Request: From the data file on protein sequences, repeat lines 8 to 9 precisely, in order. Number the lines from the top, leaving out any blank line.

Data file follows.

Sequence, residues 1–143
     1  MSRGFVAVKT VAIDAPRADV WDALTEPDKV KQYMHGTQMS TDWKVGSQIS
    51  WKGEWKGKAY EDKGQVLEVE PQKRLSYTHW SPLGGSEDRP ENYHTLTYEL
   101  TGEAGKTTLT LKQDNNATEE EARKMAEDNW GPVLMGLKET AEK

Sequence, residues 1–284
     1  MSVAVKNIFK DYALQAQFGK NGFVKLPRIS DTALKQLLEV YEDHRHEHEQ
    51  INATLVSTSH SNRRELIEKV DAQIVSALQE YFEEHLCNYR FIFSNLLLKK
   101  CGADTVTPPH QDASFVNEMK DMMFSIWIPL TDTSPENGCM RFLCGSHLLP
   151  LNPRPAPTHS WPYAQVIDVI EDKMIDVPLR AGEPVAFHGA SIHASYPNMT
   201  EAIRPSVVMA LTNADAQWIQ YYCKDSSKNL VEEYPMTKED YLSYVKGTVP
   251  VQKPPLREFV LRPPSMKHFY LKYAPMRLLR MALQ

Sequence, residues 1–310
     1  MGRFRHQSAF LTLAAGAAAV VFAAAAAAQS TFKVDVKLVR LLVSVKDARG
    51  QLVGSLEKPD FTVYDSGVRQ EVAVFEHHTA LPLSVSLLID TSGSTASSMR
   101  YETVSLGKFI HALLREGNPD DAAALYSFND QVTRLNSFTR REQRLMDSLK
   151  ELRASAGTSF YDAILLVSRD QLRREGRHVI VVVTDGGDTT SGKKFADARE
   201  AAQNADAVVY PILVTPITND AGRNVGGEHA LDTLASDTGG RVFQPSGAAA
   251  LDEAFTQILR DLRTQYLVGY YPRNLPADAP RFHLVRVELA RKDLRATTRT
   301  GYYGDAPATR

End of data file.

   101  CGADTVTPPH QDASFVNEMK DMMFSIWIPL TDTSPENGCM RFLCGSHLLP
   151  LNPRPAPTHS WPYAQVIDVI EDKMIDVPLR AGEPVAFHGA SIHASYPNMT